“Water, water, every where, Nor any drop to drink” Samuel Coleridge wrote in The Rime of the Ancient Mariner. If we fast forward 200 years, he may have written something similar about one of the ancient mariner’s descendants, the hard-put-upon data manager! “Data, data everywhere, but it’s hard to find the stuff that is of use!” while not as poetic it is something that many of us have muttered more than once. However, a lot of businesses have still not addressed the challenge.
But it is now time for that to change?
Why is our data badly managed?
We know the problems that large amounts of data cause, it extends backup and recovery times, makes finding information more complicated and presents security risks, why then do we often not tackle it? It reminds me of the dog on the porch where every so often it howls for seemingly no reason. Why does it howl? Because it’s laid on a nail and while it hurts occasionally – it doesn’t hurt enough to move! In the world of data, because storage is cheap (relatively) it’s often easier and cheaper to add more capacity than invest time and money in managing it better. So, while the nail of data may occasionally hurt us, the business case doesn’t stack up to make us move.
Why we need to change
As organisations evolve their IT, they are looking at how they store data, they are thinking about capacity, security, protection and whether to move to the cloud. But as they assess their options, the first stumbling block is a lack of knowledge of what they currently have. They don’t know where data is, what it contains, who uses it, when or if it is accessed and importantly, why they have it at all. While this may not have hurt too much in the past, it is now having an impact.
What impact and why now?
- Migration: This is at the heart of it, whether it is because they want to move to the cloud or new storage hardware, not having data under management is impacting their ability to efficiently migrate. They could just move it all, but this increases migration time and costs, whether that is buying too much new hardware, increased cloud operational costs or over-long migrations. These all have a significant financial and business impact.
- Data Security: The threat posed to our data is a real concern. Businesses what to improve security and reduce the risk of a data breach but they are doing this from a position of weakness. They have no idea where data is, what it contains and whether they should even have it. Therefore, trying to secure it becomes hugely complex and expensive and buying more storage is only going to make that worse!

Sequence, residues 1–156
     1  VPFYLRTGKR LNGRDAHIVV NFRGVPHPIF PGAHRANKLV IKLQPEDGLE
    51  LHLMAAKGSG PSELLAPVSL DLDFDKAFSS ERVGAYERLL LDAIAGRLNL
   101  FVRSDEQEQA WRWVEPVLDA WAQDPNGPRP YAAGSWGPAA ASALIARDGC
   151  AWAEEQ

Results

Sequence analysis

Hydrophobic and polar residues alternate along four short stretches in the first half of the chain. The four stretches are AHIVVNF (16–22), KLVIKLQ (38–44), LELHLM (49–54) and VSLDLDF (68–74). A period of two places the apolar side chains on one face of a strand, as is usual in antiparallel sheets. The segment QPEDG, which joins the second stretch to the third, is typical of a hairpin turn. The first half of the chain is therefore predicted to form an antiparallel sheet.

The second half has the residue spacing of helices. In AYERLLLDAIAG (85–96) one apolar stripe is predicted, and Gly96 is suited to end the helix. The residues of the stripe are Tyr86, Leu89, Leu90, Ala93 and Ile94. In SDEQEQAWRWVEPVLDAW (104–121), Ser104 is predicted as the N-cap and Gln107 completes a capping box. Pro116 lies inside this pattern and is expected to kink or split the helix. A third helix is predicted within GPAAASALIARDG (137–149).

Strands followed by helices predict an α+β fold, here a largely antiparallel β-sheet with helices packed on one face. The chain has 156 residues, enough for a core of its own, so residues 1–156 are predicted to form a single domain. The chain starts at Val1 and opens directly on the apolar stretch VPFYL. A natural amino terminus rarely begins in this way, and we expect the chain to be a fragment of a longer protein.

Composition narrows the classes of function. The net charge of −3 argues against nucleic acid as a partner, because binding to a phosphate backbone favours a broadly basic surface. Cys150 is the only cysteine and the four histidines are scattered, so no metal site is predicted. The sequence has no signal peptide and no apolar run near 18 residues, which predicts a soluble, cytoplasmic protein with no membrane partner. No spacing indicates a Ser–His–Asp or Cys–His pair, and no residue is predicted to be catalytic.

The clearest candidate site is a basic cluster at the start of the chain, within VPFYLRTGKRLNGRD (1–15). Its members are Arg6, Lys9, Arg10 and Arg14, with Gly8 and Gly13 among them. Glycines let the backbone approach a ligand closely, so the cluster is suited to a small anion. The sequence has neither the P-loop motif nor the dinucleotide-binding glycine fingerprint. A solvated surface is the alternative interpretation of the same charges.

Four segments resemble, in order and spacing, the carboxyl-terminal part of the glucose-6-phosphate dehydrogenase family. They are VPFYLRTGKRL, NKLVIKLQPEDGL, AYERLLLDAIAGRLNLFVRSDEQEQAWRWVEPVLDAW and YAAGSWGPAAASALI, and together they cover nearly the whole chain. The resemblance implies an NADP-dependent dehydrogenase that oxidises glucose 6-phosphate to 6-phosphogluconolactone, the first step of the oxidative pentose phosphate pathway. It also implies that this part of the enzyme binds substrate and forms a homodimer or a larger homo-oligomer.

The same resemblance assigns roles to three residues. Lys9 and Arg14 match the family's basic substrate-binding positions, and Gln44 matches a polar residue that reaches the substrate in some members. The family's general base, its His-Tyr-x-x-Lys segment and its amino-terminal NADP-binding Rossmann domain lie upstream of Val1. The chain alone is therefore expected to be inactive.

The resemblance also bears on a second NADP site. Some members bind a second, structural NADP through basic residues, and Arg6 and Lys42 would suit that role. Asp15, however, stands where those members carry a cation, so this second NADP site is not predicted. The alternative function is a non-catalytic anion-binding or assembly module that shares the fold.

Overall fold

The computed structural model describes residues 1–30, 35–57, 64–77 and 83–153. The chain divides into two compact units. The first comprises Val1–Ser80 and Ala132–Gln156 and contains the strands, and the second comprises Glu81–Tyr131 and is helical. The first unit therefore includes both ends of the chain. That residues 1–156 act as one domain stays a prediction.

- Cost Reduction: While storage has been relatively cheap, operational cost is increasing. Buying unnecessary capacity is not the only issue, cloud costs are now raising monthly questions about capacity and data usage. And as energy costs continue to increase powering unnecessary infrastructure is becoming very expensive.
What should we do?
The inspiration for this article has stemmed from work I’ve done over the last 18 months alongside NetApp’s Cloud Data Sense team (this is their cloud-based data discovery, compliance and governance tool, it’s very good you can find more about it in this video series) and a number of different businesses. Using a tool like Data Sense has allowed them to understand their current data estate better and in doing so they have been able to.
- Speed-up migration: Understanding the profile of their data has allowed businesses to more efficiently plan for and move data, whether to new hardware or to the cloud. Moving just active and relevant data has greatly reduced cost and complexity.
- Improved security posture: Reducing the complexity and amount of data and gaining better insight into the what, who, where, when and why of usage has been critical in allowing them to more effectively secure it and reduce the risk of breach.
- Gain better insights: Ensuring only relevant and useful data is held has significantly enhanced their ability to use it to drive business operations.
Making the business case
The time to build a data management business case has never been better. In terms of technical benefits, the case is clear, It makes it easier to manage, migrate, protect and secure and only holding relevant information allows us to do more with it. But what is the financial case? This is more complex but equally strong. While it is hard to give specifics let me share some areas to consider in your business cases via a simple example.
If we use the generally accepted figure that 30% of unstructured data in an organisation is redundant, obsolete or trivial. If we removed 30% of data from your storage infrastructure, what financial impact would it have in these areas?
- Capacity costs: Less physical storage? Less Cloud Capacity?
- Protection costs: If we have 30% less data how does that impact our backup infrastructure and operations costs?
- Security: The average data breach according to an IBM study is $4.4M. By having insight into data and its usage we greatly reduce the risk of a breach.
- Management overhead: If we better understand our data and where it is, how does that reduce operational overhead? Fewer queries to find information, quicker recovery for deleted data, less complex infrastructure to manage?
The financial business case will depend on many variables; however, it should be clear, that the case for not managing data better in today’s environment is flawed and eventually, poorly managed data will impact your business, It’s just a matter of time. Perhaps now is the time to finally get off that nail and move somewhere less painful!